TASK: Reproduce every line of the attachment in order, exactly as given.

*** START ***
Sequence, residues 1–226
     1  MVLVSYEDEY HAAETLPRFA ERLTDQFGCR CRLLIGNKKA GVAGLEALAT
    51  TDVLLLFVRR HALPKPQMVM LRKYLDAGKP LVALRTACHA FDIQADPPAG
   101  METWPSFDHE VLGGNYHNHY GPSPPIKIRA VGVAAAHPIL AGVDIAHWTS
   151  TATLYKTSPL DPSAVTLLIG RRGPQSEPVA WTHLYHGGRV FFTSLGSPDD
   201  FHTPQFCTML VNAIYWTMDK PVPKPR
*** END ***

Sequence, residues 1–226
     1  MVLVSYEDEY HAAETLPRFA ERLTDQFGCR CRLLIGNKKA GVAGLEALAT
    51  TDVLLLFVRR HALPKPQMVM LRKYLDAGKP LVALRTACHA FDIQADPPAG
   101  METWPSFDHE VLGGNYHNHY GPSPPIKIRA VGVAAAHPIL AGVDIAHWTS
   151  TATLYKTSPL DPSAVTLLIG RRGPQSEPVA WTHLYHGGRV FFTSLGSPDD
   201  FHTPQFCTML VNAIYWTMDK PVPKPR